It all started with a sweater. Not just any sweater but the one knitted on the Faroe Islands and worn by Sarah Lund in the cult Danish TV drama, The Killing. With its interlinking bands of geometric diamonds encircling body and arms, this gray and white knit was simultaneously homespun and fashion forward, like slippers made by Philippe Stark. It was a sweater that could have come from an avant-garde fashion house such as Comme des Garçons or Alexander McQueen. Instead it was handmade by knitting crofters on a remote archipelago of islands halfway between Norway and Iceland.
No single garment has ever summed up so instantly the particular appeal of this (very) Northern European style: practical, comfortable, easy but with a design edge. The Lund sweater may have been worn by a woman, but it was men who loved it the most, a kind of boyfriend cardigan in reverse. For it seems all men covet a snug, graphically bold sweater—it is such an easy way to make a style statement.
“Men also love function,” said Teo van den Broeke, style director at British Esquire. “Where Maximalism is the byword in high fashion right now, in mid-level menswear it’s all about desirable but hard-wearing utility wear.” Utility is a byword at Danish knitwear label, SNS Herning. This cottage brand, which only employs four full-time machinists in the little town of Herning was set up in 1931 by entrepreneur and knitwear obsessive, Soren Skyt. He designed a practical range of sweaters inspired by those worn by fishermen, featuring his brand’s signature bobble knit. The bobbles make these sweaters especially warm and pleasingly tactile with an almost sculptural texture, like braille. Crewneck or roll, be warned, SNS Herning sweaters tend to get their wearers stroked.
“Scandinavian brands reach into their history to find inspiration—whether this be Minimalist conceptual designs from Acne Studios—founded in Stockholm—or a perfectly detailed waterproof cagoule from Norse Projects,” said Olie Arnold, style director at Mr Porter. “These labels also do basics really well—T-shirts, sweatshirts, jeans and sneakers. They create the building blocks for a man’s wardrobe that feels effortless and unforced,” added Mr. Arnold, a big fan of these clothes.
But, hold on a minute. Aren’t these basics the core of American sportswear that was sold to the world? “That’s exactly right,” Mr. Arnold said and laughed. “But the narrower fit and pleasing lack of adornment makes the Scandinavian versions feel modern compared to similar kit from anywhere else.” Listen up, the Gap.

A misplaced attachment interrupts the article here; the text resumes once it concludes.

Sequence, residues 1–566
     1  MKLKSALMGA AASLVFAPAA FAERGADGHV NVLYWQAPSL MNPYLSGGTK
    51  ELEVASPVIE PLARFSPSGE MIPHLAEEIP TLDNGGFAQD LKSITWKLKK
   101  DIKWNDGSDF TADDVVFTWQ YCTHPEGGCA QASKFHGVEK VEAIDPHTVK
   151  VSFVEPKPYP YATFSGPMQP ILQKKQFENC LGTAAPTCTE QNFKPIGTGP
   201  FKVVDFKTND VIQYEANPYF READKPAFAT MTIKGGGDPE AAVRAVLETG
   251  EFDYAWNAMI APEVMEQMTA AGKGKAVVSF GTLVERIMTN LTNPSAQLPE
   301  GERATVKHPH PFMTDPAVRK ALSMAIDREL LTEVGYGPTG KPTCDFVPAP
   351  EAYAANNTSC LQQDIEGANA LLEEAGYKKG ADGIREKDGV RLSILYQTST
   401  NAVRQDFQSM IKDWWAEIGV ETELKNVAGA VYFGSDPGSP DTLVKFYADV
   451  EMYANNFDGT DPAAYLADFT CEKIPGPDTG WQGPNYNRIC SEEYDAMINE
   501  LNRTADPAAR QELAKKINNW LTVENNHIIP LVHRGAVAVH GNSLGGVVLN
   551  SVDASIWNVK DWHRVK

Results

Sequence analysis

Another style staple America has sold the world is workwear. From the invention of jeans by Claude Levi Strauss to tough, go-anywhere Carhartt canvas jackets, workwear has long been synonymous with the big outdoors and the American manual worker. And workwear, like sportswear, has been cleverly co-opted by Scandinavian fashion in its cunning reboot of the American aesthetic. “Our Legacy, Acne Studio and Norse Projects are gaining increasing amounts of traction in the menswear market,” Mr. van den Broeke said. “Their designs combine understated overshirts with bellows pockets and tough workwear-inspired trousers, to which they add a figure-enhancing taper.”
The truly Scandinavian touch is producing these basic designs with ultra high-end fabrics such as Egyptian cotton, lambswool and cashmere, which add high fashion heft to regular pieces. It’s a canny design move. “The cut of these garments is so important,” added Mr. van den Broeke. “Long, lean shapes are designed for Scandinavian men’s physiques, but the shape holds the current direction in menswear, too. It’s a desirable mix that feels serious enough for men to get their heads round and experimental enough to get their fashion juices flowing. This is what is really making these labels fly right now.”
Norse Projects spring range includes covetable rainproof bucket hats and taupe macs alongside lean, navy brushed cotton pants and a collection of just-edgy-enough artist emblazoned T-shirts. This look is definitely aimed at the dude who is wearing these looks rather than being a mere hanger for the clothes. Hardly the case with the more bells and whistles, rock ‘n roll trends happening elsewhere in menswear this season.
But perhaps the brand that is popularizing Scandinavian fashion more than any other is that beloved of fashion folk globally for its slick interpretation of high end fashion at affordable prices, Cos. The chain, already popular in Europe, opened its first store in New York at the end of 2014. With the advantage of the manufacturing and distribution of its big brother, H&M, this Swedish gem is cleaning up wherever it opens.
“Cos makes getting dressed so easy,” said Marcus Jaye, a.k.a. The Chic Geek, a menswear blogger. “But with a grown-up and sophisticated simplicity.” With its white leather sneakers featuring a bold wrap-over of elastic to rolled-edged striped shirts and outsize Kimono-inspired T-shirts, Cos menswear is pumping out high-end-looking gear at a third of what similar designs from more storied designers would likely cost. The affordability of Scandinavian fashion is a cornerstone of its success.
“Another clever element of Scandinavian menswear is the use of color,” Mr. Jaye said. “Everything tones with everything else, and the color range, usually neutrals such as white, gray, taupe or navy, makes dressing very easy.” he said. “Which is so appealing to men who don’t want to fuss about what goes with what—most do not even want to consider that.” Sounds cool and simple, the epitome of Scandi style in fact. Oh, and if you do happen to end up running around a few fjords and mountains trying to solve a murder, you’ll be perfectly toned with the landscape.